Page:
Irritable bowel syndrome, also known as IBS or spastic colon, is a catch-all diagnosis for a constellation of symptoms that present with chronic abdominal pain, discomfort, bloating, and either frequent diarrhea or constipation. A diagnosis of IBS is based on a lengthy differential diagnosis is completed and no other organic cause for the symptoms can be determined, making IBS a diagnosis of exclusion. Although its causes are unknown, it does tend to present in patients who have had a recent intestinal infection, in those who have suffered a major life stress (such as loss of employment or loss of a spouse), and the elderly. Although it is never fatal, it is incurable and can frequently be dehabilitating.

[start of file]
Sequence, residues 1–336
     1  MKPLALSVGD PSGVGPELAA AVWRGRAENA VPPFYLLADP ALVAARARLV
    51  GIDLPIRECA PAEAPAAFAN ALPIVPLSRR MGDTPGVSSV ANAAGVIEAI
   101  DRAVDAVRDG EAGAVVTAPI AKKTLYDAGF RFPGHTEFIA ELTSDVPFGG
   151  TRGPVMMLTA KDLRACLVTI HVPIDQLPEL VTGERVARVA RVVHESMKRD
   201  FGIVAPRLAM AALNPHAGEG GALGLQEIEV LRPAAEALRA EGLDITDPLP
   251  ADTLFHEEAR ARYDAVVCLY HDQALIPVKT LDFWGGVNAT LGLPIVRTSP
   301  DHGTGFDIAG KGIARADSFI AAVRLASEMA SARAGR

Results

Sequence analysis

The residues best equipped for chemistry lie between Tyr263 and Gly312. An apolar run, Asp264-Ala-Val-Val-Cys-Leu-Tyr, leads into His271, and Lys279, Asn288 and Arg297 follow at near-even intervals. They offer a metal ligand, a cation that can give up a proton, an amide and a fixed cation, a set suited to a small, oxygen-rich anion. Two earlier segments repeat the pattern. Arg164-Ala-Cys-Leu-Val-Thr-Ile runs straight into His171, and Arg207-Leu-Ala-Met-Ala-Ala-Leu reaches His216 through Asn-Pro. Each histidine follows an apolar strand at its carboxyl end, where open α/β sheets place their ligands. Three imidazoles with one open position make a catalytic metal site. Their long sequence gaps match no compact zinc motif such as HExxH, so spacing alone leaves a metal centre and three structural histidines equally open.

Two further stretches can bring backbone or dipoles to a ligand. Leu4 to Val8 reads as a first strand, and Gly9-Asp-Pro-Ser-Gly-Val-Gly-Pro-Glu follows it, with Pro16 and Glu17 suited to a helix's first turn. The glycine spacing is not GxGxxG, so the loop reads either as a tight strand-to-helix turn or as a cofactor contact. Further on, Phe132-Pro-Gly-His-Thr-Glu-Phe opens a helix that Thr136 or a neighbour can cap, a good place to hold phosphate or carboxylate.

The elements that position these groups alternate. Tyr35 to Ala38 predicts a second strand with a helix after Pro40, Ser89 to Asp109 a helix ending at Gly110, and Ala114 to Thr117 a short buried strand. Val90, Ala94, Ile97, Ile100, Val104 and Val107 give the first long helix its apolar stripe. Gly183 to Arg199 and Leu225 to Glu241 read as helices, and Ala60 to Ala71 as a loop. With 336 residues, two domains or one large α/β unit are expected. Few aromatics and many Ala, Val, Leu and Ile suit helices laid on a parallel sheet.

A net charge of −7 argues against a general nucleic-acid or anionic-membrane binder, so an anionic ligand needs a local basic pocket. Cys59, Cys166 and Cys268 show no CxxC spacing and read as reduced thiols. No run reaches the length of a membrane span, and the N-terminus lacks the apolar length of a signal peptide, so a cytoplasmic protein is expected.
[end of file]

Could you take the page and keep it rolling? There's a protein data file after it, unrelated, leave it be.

Doctors must be careful of jumping to a conclusion of IBS as several diseases have identical symptoms and are very treatable. Infection, celiac disease, gastric ulcer, parasites, and even lactose intolerance are commonly misdiagnosed as IBS.
Once diagnoses, most patients find relief by eating more fiber, taking anti-spasm medication, and even from using peppermint oil. Laxatives can be given to treat constipation. Many patients find their symptoms improve when they use techniques to deal with stress or when they increase their exercise.